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South Africa


Turk's Island

Hints to Female Teachers intending
to compete for Certificates of Merit 11
Teachers' Association in relation to
Educational purposes...

Educational Conference

Decimal Coinage.

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.25, 59

Ditto, Midsummer 1857



211, 219


Retirement of Mr. Dunn'

The late Samuel Gurney, Esq.

Ditto, the Prodigal Son

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Ditto, the Manufacture of Paper




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Lessons, with Foot-notes, Explana-
tions, and Questions........
A Guide to the Knowledge of Life,
designed for the use of Schools;
Hand-Book of Logic, adapted espe-
cially for the use of Schools and
Teachers; Religious Education, by
Joseph Boulden; a System of Rhe-
toric, in a method entirely new;
English, Past and Present; a Short
Memoir of the late Mr. Henry
Althaus, the Address of Dr. Fletcher
at the Grave, and the Funeral Ser-
mon by the Rev. C. Stovel; an
Essay on the Art of Writing, with a
course of Lessons on Penmanship

Lyrics for Youth; Library Edition of

the British Poets; Bowles' Poetical

Works; Oral Exercises in French


Lardner's Hand-Book of Natural Phi-

losophy; Schnorr's Bible Pictures;

the School Singing-Book; the Theory

and Practice of Notes of Lessons;

Bible Exercises, or Scripture Refer-

ences; the British Workman;

Russia and her Czars; Rational

Arithmetic; Ahn's Simple Method

of learning the French Language;

Conversational French Phrases;

Voltaire's Histoire de Charles XII. 114

Lardner's Museum of Science and Art;
Schnorr's Bible Pictures; Nichol's
Edition of the British Poets; Lessons
on General Knowledge; the British
Educator; a Half-yearly Course of
Lessons and Exercises in Music;
Wings and Stings

A Daily Text-Book for Home Lessons;
the Sea-side Lesson Book; Manual
of Educational Requirements ne-
cessary for the Civil Service; Lard-
ner's Hand-Book of Natural Philo-
sophy; Burns' Poetical Works; the
Art of Land Surveying
A Complete Guide to Government
Appointments, and to the Civil Ser-
vice Examinations; Lardner's Hand-
Book of Natural Philosophy; a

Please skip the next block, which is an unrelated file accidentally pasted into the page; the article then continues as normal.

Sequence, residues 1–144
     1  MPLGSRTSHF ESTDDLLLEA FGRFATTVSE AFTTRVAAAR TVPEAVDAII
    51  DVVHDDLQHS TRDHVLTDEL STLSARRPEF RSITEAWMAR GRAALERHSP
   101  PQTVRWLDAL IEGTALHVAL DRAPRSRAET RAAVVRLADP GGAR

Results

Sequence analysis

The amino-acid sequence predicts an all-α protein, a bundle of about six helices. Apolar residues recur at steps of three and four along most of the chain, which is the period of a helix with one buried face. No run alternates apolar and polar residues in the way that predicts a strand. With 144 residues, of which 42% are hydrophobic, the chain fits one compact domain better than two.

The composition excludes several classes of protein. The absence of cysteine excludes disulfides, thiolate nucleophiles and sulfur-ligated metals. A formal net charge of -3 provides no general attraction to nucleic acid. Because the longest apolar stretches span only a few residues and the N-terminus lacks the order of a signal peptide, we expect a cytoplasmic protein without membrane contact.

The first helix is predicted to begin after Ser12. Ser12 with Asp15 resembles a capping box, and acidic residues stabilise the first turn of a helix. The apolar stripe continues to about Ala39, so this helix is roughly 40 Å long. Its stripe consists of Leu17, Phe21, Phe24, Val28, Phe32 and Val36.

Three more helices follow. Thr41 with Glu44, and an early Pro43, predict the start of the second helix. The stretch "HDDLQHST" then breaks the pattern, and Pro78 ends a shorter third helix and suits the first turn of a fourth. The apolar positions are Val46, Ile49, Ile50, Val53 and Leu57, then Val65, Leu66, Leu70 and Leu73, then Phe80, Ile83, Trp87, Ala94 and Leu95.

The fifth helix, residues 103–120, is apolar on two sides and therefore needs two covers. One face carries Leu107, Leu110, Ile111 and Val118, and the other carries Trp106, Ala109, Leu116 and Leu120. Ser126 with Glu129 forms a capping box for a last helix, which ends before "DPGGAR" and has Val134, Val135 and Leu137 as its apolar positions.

Course of Practical Geometry;
Tabular Exercises in Elementary
Arithmetic; Churchill's Poetical
Works, and Pope's Poetical Works;
Questions on the use of the Globes;
the Stepping Stone to Natural His-
tory; First Principles of General
Knowledge simply Explained..

A Guide to Astronomical Science;

Genealogical Text-book of British

History; Betts's Geographical Slate,

with a map engraved on each side;

the Present Aspects of the Scottish

Education Question; a Simple

Catechism of the Animal, Vegetable,

and Mineral Kingdoms; Classified

Abridgment of the Minutes of Coun-

cil on Education

An Etymological Dictionary of Scrip-
ture Names, Accented and Explain-
ed; Outlines of the History of Rome,
with Questions for Examination;
the Poetical Works of Sir Walter

White's Drawing Exercises, adapted

to Collective and Individual Teach-

ing, and Drawing for Elementary

Schools; the Pupil-Teachers' Ma

nual, adapted to each year of their

Apprenticeship; Wilkinson's Re-

gister of Progress





SUMMARY OF OPERATIONS, FROM MARCH 1, 1854, TO SEPT. 1, 1854. One hundred and ninety-one students have been in training in the Normal College.

Forty-eight have received appointments to schools.

Twelve have withdrawn, either from illness, a desire to change their occupation, or a want of fitness for the work.

One hundred and twenty remain in the Institution.

Eighteen schools have received temporary assistance during the illness or otherwise necessary absence of their teachers.


The brief abstract given in our last comprised the most important facts connected with the Society's operations during the year ending in May, 1854. The Report of the Society, which has since been issued to the Subscribers, contains, in addition to those facts, some interesting statements relating to the general progress of popular education among us. In particular, we wish to call the attention of such of our readers as do not receive the Report, to the following remarks, describing the position occupied by the British and Foreign School Society in relation to modern educational movements, and the precise nature and limits of the assistance which it receives from the funds at the disposal of the Government.

"The aid of the Committee of Council is strictly confined to the Model and Normal Schools; the general operations of the Society are as entirely dependent on voluntary subscriptions as they ever were.

"The reason is obvious. The Society has a work to do which Government cannot recognize. It deals extensively with a class of schools, the supporters of which are either unable, or unwilling, to receive Government aid. It often acts at home, and generally in the colonies, through Societies having mainly religious objects; and, therefore, altogether unconnected with the State. Its agencies all tend to protect the schools from any possible interference with their liberty of action. It provides, in fact, against dangers to which the reception of State aid might expose, if the organizations of the Government were not met by this and similar organizations of the voluntary principle.

"Further, it should be remembered that the Society, as such, is the only effective

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